Prepare to be hypnotized by Dan Kassel and his cello on new LP Clockwork
October 24th, 2016 | 2:50PM | By Erin Blewett
Kassel has steadily released and composed dynamically layered instrumental pieces since his first LP Bloom in 2013. For his third full-length album, Clockwork, he lulls listeners into a trance that is triggered by the mesmerizing medley of sounds that he creates using only his cello and the occasional contributing percussions. This nine-track album features covers of “Lithium” by Nirvana and “Love Foolosophy” by Jamiroquai. The remaining tracks were all composed by Kassel. Despite the assortment of chords presented simultaneously to listeners, each note is fully absorbed and has the ability to take listeners to great heights as well as tremendous lows.
With that being said, every emotion invoked over the course of this album contributes to a much bigger picture composed of tremendously textured instrumentals that latch on to listeners and hold fast until the concluding note.
Clockwork was fully funded by a Kickstarter campaign started last March by Kassel. He doesn’t have any upcoming scheduled performances as of now, but keep an eye on the WXPN Concert Calendar for updates. Check out the full album below. (UPDATE: Kassel headlines World Cafe Live upstairs on January 26th.)
Classic Instrument, Modern Grooves: Listen to cellist Dan Kassel’s Tribes Forgotten LP
February 5th, 2014 | 2:20PM | By Katrina Murray
Photo by John Vettese
Not many folks can make a cello sound as resonant and hypnotic as Dan Kassel can. The Philly-bred musician just released his new album Tribes Forgotten, the follow-up to last year’s BLOOM. Kassel’s latest foray into our hearts features cello covers of Foster the People’s 2011 breakout hit “Pumped Up Kicks” and Daft Punk & Pharrell’s Grammy award-winning disco-pop gem “Get Lucky.”
(Hear More – The Key Studio Sessions: Dan Kassel)
His signature style of playing remains well intact and is meant to take the listener “to great heights and over vast expanse”. In using a classic instrument to deliver modern grooves, Kassel does just that and more. Get tickets to his record release show on April 10th at World Cafe Live.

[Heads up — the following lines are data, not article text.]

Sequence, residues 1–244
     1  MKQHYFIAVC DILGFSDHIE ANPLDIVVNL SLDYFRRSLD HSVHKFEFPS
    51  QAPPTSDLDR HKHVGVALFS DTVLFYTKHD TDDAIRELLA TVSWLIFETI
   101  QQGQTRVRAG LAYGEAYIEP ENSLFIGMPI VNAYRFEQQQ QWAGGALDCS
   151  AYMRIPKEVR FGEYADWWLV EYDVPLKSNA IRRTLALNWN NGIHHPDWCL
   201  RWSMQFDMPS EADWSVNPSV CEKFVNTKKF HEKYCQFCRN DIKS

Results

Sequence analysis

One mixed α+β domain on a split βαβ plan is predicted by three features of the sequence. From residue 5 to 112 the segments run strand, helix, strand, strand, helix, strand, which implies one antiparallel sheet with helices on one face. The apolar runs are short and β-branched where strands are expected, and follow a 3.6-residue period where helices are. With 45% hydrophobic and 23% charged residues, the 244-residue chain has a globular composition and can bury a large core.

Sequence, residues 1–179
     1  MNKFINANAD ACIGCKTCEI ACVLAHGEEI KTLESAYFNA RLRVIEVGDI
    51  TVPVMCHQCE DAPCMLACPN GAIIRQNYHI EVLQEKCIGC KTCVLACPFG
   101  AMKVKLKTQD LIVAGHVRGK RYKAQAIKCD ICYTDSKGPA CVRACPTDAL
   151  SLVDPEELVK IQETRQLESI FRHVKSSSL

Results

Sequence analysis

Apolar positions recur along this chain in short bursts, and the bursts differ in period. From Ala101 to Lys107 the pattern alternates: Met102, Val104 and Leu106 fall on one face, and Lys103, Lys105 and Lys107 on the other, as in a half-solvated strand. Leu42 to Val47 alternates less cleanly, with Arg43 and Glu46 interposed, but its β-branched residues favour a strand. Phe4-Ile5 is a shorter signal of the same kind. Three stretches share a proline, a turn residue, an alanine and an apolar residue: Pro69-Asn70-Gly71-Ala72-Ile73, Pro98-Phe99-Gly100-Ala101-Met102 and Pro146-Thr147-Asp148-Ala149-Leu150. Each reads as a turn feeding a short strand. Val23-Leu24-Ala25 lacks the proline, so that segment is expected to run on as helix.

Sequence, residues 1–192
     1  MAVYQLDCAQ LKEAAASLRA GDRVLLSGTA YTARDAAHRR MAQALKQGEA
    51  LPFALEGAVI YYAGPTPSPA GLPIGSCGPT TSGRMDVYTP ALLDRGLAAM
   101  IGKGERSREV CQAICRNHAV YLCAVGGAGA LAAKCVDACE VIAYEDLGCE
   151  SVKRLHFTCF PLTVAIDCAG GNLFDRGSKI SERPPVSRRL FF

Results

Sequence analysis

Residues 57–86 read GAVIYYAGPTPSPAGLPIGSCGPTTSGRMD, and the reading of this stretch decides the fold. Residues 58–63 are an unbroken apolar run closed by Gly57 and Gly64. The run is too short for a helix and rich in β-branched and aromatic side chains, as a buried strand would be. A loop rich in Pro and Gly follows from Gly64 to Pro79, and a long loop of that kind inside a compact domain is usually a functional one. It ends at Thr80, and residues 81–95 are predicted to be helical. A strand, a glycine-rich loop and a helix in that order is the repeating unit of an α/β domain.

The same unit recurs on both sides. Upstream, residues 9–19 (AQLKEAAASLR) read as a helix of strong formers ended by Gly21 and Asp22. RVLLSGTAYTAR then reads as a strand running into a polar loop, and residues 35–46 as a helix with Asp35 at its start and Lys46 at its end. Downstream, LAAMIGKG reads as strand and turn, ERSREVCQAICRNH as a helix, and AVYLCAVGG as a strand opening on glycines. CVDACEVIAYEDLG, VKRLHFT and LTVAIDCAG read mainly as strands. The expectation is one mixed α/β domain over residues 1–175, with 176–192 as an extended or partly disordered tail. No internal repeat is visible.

The Key Studio Sessions: Dan Kassel
August 28th, 2013| 10:34 AM | By John Vettese
Philadelphia’s Dan Kassel is a schooled and imaginative cellist who doesn’t want to be limited by the options cello players typically face. It’s either chase the orchestra dream – a tough haul, to be sure – or work as a session musician, waiting for friends or peers to tap you for a string part. Kassel sees a third option, and with inspiration from travels in Nepal and India (and help from a Boss loop station), he recorded and released the album Bloom earlier this year. Airy and tastefully layered, it recalls the contemplative and sensitive instrumental work of mid-period Cocteau Twins or Dead Can Dance, The richness of his sound is impressive coming from a solo performer, but it’s also rooted in simplicity (you won’t get any messy pile-ups of loops here). It also comes with a sweet one-man show, and Kassel brings it to the World Cafe Live stage tomorrow night, August 29th. Tickets and more information on the all-ages show can be found here; stream and download Kassel’s Key Studio Session below.